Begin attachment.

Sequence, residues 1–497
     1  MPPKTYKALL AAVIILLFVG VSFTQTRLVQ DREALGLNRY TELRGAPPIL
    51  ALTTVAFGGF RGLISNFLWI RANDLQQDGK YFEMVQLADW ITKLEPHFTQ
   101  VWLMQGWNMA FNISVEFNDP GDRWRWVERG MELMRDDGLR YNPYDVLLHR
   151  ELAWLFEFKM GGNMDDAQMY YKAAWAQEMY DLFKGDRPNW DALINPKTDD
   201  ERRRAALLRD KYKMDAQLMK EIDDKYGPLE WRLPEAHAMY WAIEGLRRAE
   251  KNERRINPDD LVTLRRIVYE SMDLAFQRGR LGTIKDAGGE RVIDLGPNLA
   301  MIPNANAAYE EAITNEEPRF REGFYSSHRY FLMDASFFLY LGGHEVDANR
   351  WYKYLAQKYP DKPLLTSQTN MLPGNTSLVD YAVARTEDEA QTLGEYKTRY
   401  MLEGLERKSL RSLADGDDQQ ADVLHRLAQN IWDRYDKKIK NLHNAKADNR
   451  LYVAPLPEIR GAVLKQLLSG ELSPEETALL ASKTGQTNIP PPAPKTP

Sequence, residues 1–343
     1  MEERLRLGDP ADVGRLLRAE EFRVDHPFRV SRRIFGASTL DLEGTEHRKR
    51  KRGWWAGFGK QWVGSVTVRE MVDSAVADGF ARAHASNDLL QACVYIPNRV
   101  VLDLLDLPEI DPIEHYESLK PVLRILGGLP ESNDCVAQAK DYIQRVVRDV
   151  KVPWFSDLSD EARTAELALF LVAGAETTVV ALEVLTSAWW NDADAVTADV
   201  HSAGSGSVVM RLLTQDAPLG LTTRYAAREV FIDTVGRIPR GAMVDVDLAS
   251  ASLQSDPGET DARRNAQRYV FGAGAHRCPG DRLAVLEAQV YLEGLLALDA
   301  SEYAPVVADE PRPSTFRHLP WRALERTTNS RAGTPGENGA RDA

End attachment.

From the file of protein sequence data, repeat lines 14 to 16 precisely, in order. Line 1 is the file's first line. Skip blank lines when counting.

    51  KRGWWAGFGK QWVGSVTVRE MVDSAVADGF ARAHASNDLL QACVYIPNRV
   101  VLDLLDLPEI DPIEHYESLK PVLRILGGLP ESNDCVAQAK DYIQRVVRDV
   151  KVPWFSDLSD EARTAELALF LVAGAETTVV ALEVLTSAWW NDADAVTADV